Day 5: Hiouchi, CA to Valley of the Rogue State Park, OR
Another day, a new state! This day’s travel takes us from the familiar coasts of California inland across the Coastal Range to Oregon, where we find alpacas, blistering heat, and cool caves.
To start the day off, we take full advantage of the kitchen at the RV Park in Hiouchi one last time to cook up a breakfast of eggs and udon…
…before heading up into the California Coast Ranges towards the state border along the beautifully scenic 199, roughly following the Smith River for some time. The cool, foggy redwoods give way to more and more arid landscapes - not drastically so for the first bit, but clearly enough that we can sense the changing climate around us as we ride.
Our arrival in Oregon is, much to Valkyrie’s chagrin, somewhat anticlimactic:
Not to worry - there’s an official state border crossing sign just a bit further on:
Before long, we’re facing down flat prairie and blazing sun as we roll into Cave Junction. Lest you think Oregon’s hippies and hipsters are confined only to Portland and other such urban enclaves, think again, for this otherwise unassuming town boasts a coffee / juice bar that wouldn’t look out of place in the SF Bay Area. Here, for instance, is the greens-and-bee-pollen decoction we chanced:
I don’t know that it gave us any superhuman powers, but it was tasty!
We resupply for lunch at a nearby supermarket, where a grocer standing under a tent of vegetables and fruits marked down to bargain prices cheerfully informs us that, by state law, he can’t actually sell us the food on display outside. (Apparently they have an arrangement with the local food bank, which accepts the sun-weathered produce at day’s end. Good to know that at least it’s not going to waste…)
Then it’s up towards the Oregon Caves National Monument, which we’d never heard of before looking at our map. What’s a 20-mile detour and then back again when you’re taking it slow anyways? That’s right: a great idea. The ride up to the monument is flat at first, but quickly becomes more exciting once we start climbing into the hills - not to mention the climbing temperature, which is edging solidly into the 90s and slowly baking us in our motorcycle jackets.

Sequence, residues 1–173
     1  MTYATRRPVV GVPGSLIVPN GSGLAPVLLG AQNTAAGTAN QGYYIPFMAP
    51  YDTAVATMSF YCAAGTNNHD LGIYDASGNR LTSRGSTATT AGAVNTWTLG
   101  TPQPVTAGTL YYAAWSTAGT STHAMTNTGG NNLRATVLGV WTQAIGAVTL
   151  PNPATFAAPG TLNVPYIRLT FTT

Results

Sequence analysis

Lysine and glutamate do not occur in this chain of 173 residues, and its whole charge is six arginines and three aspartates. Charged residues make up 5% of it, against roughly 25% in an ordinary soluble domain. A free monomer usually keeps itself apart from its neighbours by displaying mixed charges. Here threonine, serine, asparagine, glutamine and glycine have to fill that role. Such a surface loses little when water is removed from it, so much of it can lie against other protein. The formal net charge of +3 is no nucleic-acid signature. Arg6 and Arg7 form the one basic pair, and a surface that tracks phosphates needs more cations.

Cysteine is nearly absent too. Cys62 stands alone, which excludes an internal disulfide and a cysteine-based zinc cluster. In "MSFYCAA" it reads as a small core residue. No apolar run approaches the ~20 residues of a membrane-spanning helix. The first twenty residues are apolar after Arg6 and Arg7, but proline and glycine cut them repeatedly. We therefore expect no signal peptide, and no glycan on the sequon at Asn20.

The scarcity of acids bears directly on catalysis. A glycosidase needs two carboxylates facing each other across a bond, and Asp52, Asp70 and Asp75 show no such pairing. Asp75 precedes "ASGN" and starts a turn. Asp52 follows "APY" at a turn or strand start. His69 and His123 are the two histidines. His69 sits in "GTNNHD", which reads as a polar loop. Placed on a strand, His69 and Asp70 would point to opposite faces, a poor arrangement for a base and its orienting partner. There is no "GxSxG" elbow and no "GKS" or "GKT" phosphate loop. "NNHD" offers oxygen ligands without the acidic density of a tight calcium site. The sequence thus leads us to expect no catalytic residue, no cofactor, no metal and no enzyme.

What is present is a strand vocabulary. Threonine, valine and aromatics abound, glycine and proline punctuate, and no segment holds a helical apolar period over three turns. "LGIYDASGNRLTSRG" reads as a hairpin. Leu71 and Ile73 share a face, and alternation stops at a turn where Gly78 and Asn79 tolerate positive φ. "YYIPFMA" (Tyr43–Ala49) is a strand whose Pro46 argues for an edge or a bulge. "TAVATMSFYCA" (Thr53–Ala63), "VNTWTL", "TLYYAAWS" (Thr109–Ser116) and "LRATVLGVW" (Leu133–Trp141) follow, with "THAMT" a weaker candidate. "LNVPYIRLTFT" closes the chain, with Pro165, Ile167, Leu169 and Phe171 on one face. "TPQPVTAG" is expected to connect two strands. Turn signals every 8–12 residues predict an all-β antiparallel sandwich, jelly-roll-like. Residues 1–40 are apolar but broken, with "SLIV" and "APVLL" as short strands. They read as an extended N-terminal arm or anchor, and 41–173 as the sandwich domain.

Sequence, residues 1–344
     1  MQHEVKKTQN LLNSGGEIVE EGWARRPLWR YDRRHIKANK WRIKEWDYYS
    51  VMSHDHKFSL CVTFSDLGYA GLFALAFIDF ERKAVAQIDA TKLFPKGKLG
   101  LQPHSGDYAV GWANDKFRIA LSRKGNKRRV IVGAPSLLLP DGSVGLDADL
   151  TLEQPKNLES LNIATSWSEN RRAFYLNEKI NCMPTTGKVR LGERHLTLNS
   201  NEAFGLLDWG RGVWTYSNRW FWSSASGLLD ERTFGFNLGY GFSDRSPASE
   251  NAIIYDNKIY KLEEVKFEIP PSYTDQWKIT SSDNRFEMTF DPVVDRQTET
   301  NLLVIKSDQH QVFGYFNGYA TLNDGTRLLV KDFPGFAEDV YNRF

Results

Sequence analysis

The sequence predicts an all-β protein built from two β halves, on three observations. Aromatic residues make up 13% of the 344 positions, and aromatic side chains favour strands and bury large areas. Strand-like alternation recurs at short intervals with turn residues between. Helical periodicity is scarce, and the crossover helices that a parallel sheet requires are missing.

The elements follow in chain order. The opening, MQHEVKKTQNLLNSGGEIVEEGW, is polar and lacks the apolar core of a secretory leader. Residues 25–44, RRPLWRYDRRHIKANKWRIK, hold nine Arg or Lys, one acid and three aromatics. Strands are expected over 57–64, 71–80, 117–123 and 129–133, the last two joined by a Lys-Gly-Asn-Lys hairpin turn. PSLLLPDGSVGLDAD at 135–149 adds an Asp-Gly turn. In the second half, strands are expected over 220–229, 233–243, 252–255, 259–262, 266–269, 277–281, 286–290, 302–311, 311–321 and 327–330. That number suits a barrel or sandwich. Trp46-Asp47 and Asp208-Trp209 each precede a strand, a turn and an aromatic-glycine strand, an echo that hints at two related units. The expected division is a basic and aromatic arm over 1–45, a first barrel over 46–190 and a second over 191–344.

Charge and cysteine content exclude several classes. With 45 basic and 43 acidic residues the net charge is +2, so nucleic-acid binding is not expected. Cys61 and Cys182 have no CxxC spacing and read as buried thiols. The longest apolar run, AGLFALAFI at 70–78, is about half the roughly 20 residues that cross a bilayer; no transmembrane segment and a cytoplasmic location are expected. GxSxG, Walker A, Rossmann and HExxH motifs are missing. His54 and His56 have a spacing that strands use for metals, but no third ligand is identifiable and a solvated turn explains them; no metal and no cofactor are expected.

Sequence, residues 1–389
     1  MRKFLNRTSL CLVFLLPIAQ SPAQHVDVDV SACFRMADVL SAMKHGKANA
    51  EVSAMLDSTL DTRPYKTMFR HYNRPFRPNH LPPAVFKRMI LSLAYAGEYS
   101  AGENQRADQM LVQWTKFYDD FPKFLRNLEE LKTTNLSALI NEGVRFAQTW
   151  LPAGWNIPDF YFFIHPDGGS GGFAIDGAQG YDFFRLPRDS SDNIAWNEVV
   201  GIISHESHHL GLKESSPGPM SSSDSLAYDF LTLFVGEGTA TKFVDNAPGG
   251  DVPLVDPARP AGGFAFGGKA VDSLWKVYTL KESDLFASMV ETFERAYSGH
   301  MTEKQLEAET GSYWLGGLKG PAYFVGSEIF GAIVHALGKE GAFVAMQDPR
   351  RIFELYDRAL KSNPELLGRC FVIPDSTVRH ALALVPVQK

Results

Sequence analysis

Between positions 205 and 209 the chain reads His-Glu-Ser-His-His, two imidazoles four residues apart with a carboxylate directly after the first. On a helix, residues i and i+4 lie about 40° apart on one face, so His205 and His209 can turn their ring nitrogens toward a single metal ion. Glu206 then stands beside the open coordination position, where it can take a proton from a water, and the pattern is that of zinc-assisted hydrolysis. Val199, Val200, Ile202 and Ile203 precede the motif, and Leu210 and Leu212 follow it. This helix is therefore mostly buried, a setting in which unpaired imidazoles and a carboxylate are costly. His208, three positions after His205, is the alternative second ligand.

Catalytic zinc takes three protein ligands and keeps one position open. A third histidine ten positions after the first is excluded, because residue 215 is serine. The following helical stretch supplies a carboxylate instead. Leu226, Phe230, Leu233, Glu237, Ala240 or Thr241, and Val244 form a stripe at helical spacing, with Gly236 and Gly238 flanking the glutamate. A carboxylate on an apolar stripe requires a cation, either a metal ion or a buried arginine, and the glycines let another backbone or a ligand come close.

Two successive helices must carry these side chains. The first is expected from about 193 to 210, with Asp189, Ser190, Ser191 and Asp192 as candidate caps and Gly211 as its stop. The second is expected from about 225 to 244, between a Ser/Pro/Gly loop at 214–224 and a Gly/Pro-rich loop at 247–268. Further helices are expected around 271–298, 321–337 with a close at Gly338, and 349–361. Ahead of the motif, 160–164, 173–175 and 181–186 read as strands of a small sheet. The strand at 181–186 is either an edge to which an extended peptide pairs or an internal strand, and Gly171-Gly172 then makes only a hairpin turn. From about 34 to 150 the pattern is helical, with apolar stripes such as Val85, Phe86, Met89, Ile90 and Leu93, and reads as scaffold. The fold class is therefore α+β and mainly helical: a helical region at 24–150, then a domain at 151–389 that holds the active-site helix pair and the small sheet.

Our tour down into the eponymous caves is led by an amusingly sassy park ranger who cracks terrible puns at any and all opportunity:
The caves themselves are full of really awesome formations, like these “bananas”:
There’s also the usual stalactites and stalagmites, pit domes, shields, drapes, soda straws, chandeliers, etc. Halfway through the tour, a woman in a group ahead of us has to receive first aid (turns out to be low blood sugar, which sucks but is thankfully not as serious as it could be).
We learn that people used to have a lot more fun down in these caves. Back in the day, there was no well-maintained route for visitors to follow, so they would instead navigate the cave with guide lines and ladders and short rappels and wading and squeezing. There were concerts and dances held in the caves, and some believe it functioned as a speakeasy during Prohibition. There were also the Oregon Cavemen, a group of local businessmen that were equal parts tourism booster group and kidnapping ring. Lest we all forget the contributions these fine folk made to the tourist profile of the area, they’ve been immortalized in statue form down by the Tourism Information office in Grants Pass:
We spend some time after our cave tour in Cave Junction, waiting out the heat of the day with landjaeger made from alpaca. These are clearly some happy-meat landjaeger, since they come from the alpacas we saw not two miles up the road on our way into town:
Turns out we didn’t wait long enough, though, for it continues to heat up as we descend into Grants Pass, peaking at a sweltering 98 degrees. We wait a bit longer in Grants Pass, then head out along the Rogue River towards the Valley of the Rogue State Park. As State Parks go camping-wise, this one’s OK; it’s unfortunately right next to the freeway, but it does have a couple of accesses down to the Rogue itself. Tacos and local mead make a fine riverside picnic before we head off to sleep, ready for the day ahead.
Will it continue to heat up? We’re not sure, but we’re hoping it doesn’t - we could switch to siesta schedule, sure, but that would mean riding before dawn and after dusk - and low-visibility driving seems like a poor idea on our high-powered scooter.